There is no honor among thieves, which is why crime movies are so fascinating. In a world built around breaking the law, there must be an element of trust for professional criminals to do business with each other. But at all times, everybody knows they are just one missed cue away from a knife in the back, which means living by a countdown clock in one’s head between now and the critical moment when they are reminded that no career criminal ever dies peacefully at home. And while plenty of crime cinema mines this territory for all kinds of compelling stories, few do it so well as the Coen Brothers do in their neo-noir gangland masterpiece, Miller’s Crossing.
The story takes place in an unspecified American city during Prohibition. Leo O’Bannon is an Irish crime lord who shares the city with his Italian rival, Johnny Caspar. O’Bannon is advised by his right-hand man, Tom Reagan, whose main fault is that he’s sleeping with O’Bannon’s girl, Verna Bernbaum, on the side. When Johnny Caspar moves to have Verna’s brother Bernie killed to settle some gambling debts, a war seems inevitable. So Tom sacrifices his position with O’Bannon to operate independently between the warring crime factions in the hopes of somehow playing each side off the other in such a way that only the people he cares about come out on top. It’s a Byzantine web of betrayal, counter-betrayal, counter-counter-betrayal, and enough suspicious motives to give even a saint white hair. But by the time it’s all over, Tom will have been to the infamous place in the woods known as Miller’s Crossing, where doomed criminals go to disappear, and everybody knows that once you make a trip out there, you never come back the same person…that is, if you manage to come back at all.
This is a movie with all of the signatures of the Coen Brothers at the height of their powers, where they manage to blend both their love of gruesome drama and black comedy in a tale of criminal intentions, plans within plans, and the karmic debts one builds up when living a life of crime. It might not be as bleak as some of their other films, nor as screwball. But it inhabits a unique universe where the story they wish to tell is told in the perfect manner, making Miller’s Crossing the sort of thing nobody could ever duplicate. Nor would they want to. Trying to redo this movie would be like trying to recreate a song played on a Stradivarius. Even if every note and tone is identical, it still just isn’t the same, and you end up feeling a little dirty for having tried to manufacture such magic on demand.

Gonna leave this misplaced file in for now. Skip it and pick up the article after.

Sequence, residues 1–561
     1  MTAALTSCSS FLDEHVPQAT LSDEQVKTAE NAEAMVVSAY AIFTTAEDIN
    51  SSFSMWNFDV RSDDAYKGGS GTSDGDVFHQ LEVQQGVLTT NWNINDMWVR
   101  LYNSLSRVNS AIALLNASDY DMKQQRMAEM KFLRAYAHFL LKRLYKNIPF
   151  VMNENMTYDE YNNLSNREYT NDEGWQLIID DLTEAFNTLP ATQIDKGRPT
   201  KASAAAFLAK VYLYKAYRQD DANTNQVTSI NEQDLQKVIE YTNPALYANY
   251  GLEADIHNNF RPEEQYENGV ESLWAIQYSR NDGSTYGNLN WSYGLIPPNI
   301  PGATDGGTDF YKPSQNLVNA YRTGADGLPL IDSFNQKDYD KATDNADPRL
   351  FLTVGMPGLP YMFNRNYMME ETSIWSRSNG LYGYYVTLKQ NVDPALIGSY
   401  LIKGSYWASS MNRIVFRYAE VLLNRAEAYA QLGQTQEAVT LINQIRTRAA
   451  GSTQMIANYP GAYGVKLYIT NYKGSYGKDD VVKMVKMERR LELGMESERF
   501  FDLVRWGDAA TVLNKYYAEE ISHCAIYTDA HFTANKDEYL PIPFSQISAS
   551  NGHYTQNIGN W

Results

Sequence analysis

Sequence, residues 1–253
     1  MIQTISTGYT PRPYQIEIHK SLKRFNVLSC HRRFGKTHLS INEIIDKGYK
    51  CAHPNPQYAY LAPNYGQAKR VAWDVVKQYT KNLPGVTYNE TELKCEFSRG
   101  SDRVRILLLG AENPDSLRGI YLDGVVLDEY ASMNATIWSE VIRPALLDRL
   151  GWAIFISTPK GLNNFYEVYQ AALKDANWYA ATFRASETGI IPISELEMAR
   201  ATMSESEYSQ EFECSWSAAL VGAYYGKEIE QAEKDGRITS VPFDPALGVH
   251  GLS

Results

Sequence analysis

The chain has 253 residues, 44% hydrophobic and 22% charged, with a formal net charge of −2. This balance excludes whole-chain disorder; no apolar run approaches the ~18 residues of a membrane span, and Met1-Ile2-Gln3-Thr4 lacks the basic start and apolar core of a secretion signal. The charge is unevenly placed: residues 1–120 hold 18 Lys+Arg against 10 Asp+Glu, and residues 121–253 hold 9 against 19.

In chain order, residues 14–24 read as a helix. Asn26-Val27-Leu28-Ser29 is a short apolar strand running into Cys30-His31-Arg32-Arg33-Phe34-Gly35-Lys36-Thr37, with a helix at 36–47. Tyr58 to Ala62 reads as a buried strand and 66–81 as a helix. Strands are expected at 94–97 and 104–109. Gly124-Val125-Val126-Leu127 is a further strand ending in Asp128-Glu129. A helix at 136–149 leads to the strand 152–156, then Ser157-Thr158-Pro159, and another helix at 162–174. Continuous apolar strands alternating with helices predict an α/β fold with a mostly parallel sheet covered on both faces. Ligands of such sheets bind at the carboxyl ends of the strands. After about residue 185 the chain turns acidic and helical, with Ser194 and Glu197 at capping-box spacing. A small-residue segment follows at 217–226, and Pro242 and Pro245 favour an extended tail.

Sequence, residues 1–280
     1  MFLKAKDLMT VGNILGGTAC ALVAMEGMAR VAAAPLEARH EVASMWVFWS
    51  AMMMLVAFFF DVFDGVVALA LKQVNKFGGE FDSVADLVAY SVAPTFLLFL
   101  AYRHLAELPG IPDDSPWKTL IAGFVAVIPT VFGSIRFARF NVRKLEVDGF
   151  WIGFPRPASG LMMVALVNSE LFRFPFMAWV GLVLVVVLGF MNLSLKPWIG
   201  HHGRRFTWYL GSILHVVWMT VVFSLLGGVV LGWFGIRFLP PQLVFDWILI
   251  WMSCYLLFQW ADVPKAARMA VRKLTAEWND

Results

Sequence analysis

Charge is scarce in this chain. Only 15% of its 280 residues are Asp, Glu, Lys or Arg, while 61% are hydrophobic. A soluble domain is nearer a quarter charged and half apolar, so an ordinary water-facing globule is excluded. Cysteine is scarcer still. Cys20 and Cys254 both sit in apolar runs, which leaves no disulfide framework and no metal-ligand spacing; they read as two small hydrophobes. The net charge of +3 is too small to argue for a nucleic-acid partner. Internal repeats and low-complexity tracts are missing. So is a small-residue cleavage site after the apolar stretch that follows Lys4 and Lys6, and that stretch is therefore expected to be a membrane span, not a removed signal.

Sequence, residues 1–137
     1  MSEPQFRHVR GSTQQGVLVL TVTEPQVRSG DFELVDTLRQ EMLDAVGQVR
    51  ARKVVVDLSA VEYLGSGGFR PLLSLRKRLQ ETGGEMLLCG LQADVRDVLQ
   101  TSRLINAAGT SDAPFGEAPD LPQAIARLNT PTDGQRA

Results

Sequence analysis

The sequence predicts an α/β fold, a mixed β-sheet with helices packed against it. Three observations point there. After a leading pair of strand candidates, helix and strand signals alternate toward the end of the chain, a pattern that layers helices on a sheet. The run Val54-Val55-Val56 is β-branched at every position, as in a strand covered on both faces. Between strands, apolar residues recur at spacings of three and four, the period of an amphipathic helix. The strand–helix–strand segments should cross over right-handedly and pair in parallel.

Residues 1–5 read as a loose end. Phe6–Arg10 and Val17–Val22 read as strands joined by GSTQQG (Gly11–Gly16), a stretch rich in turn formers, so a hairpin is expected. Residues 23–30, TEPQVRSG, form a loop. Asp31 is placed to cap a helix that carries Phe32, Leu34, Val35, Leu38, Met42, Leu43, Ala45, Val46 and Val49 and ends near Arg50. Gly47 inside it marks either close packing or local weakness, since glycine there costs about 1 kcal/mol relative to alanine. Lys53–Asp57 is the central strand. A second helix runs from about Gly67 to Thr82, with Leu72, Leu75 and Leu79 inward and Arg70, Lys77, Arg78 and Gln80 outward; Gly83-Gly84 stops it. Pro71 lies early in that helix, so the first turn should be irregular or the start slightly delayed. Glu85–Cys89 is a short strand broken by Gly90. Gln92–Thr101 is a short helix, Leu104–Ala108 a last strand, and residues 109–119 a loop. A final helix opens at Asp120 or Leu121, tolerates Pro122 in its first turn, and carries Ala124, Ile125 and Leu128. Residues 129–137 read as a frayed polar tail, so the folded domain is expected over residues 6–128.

Much of Miller’s Crossing overtly nods to specific inspirations, with entire shots framed from classic crime cinema that has gone before. The story of a master strategist manipulating both sides of a war to an uncertain aim is something is hardly new, as is the punchy pace of the dialogue, or the winding nature of the narrative as it doubles back on itself again and again in an effort to leave the audience unsure of what’s even happening any longer. But what matters much more than any of this is execution. Part of the magic of the Coens is their ability to make homages with a light touch, distilling what makes every great gangster movie great without sacrificing their own vision, style and points to make. The end result is a movie made in 1990 that felt like an undiscovered classic from 1947. One does not just stumble into that kind of result. One gets that through a savant’s knowledge of the genre, and virtuosity behind the camera.
There are almost too many terrific scenes here to count, but a sure favorite is a tommy gun opera in which Leo O’Bannon survives an assassination attempt within his own home, shoots his way out from under his own bed, and then manages to walk calmly out of the place, all to the tune of “O Danny Boy” and 700 rounds per minute of .45 ACP. It’s a scene that reveals just how much talent the Coens have for action cinema, and why their restrained use of action makes it work so incredibly well when it does appear.
Another is what might be the movie’s signature moment, when Tom Reagan must bring Bernie Bernbaum out to Miller’s Crossing to execute him. What we think will be a rote exercise in putting a bullet in the brain makes an abrupt about-face when Bernbaum begs for his life with uncommon intensity, and Reagan actually grants him mercy. It’s a moment where Reagan reveals that that despite his best efforts, the guy really does have a moral center. And letting that slip reverberates throughout the rest of the movie, driving the plot and setting the tone for what follows.
But the moment of truth comes in the movie’s final moments, after Tom’s manipulations are all said and done. He has blown up his allegiance to Leo O’Bannon in a twisted show of loyalty. He has endangered himself through a rare show of mercy. He has very nearly let himself get caught out because of misplaced trust. He has broken every cardinal rule of criminal survival and is rewarded by seeing everybody he cares about walk away from him. It would seem like Tom has dealt himself the mightiest of defeats, but that’s a short view of things. He might have secured his survival by repudiating the kind of mercy that got him into so much trouble earlier on, but he re-discovered enough of his humanity to return to a world where can put all of this underworld madness behind him. The question is, is that what he really wants? Who knows. Tom Reagan surely doesn’t. But at least he’s got all the time he needs to find out.